The Join Features tool will transfer attributes from one layer or table to another based on spatial and attribute relationships. Optionally, statistics can be calculated for the joined features.
An analyst has crime data throughout their city. To analyze and study the impact of these crimes, the analyst needs to understand the relationship that the crime locations have with the various city jurisdictions such as school districts, police beats, neighborhoods, and so on. By using the Join Features tool, additional information about each location can be appended to each crime, and the impact on various jurisdictions can be further studied and analyzed.
If your portal is configured to use ArcGIS Living Atlas content, you can use the state and county ArcGIS Living Atlas layers, which include population data that can be joined to your crime data.
The Join Features tool is designed to transfer and append information from one layer to another. The information that is transferred is based on the type of spatial relationship defined or based on a common attribute that is shared between the two datasets.
You can add a layer that is not in Map Viewer to the tool pane by selecting Choose Analysis Layer in the drop-down menu.
When joining features, you can join features based on a spatial relationship, an attribute relationship, or a combination of the two.
Choose a spatial relationship
The spatial relationship that will determine whether features are joined to each other. The available relationships depend on the geometry type (point, line, or area) of the layers being joined. Available spatial relationships are as follows:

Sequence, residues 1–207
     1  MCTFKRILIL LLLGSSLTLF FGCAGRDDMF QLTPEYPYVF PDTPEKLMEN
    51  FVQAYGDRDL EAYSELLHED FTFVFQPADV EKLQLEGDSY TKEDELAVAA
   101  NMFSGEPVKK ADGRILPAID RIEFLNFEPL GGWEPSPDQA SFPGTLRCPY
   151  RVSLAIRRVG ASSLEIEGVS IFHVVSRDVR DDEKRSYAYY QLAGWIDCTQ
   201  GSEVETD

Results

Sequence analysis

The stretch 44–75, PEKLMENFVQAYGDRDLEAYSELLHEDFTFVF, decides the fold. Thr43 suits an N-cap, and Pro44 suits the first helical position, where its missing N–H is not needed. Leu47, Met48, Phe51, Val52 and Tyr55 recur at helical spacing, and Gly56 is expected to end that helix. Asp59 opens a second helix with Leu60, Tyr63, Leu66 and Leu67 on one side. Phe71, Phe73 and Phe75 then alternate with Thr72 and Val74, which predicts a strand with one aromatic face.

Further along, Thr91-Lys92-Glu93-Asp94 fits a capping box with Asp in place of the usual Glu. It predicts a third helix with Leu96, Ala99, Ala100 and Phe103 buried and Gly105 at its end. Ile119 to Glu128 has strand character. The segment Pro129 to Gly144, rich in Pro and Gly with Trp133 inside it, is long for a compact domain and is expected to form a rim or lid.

Choose the fields to match
The attribute relationship that will determine whether features are joined to each other. Features are matched when the field values in the join layer are equal to field values in the target layer.
The join operation determines how joins between the target and join layers will be handled if multiple features in the join layer are found to have the same relationship to the target layer. The following are the two join operations from which to choose:
- Join one to one—This option joins a single feature in the join layer to each feature in the target layer. The records from the join layer that are used in the join are determined by the Add statistics parameter or the Define which record is kept parameter. If Add statistics is selected, all matching records will be summarized for each feature in the target layer. The count of the summarized records will also be added by default. If Define which record is kept is selected, only one matching record from the join layer will be used for each target feature. You can choose to either keep the first matching record in the join layer (default) or to keep the matching record with the highest or lowest value in a certain field (Order by). The order by expression requires either a numeric field (option for largest or smallest value) or a date field (option for newest or oldest).
- Join one to many—This option joins all the matching features in the join layer to the target layer. The result layer will contain multiple records of the target feature.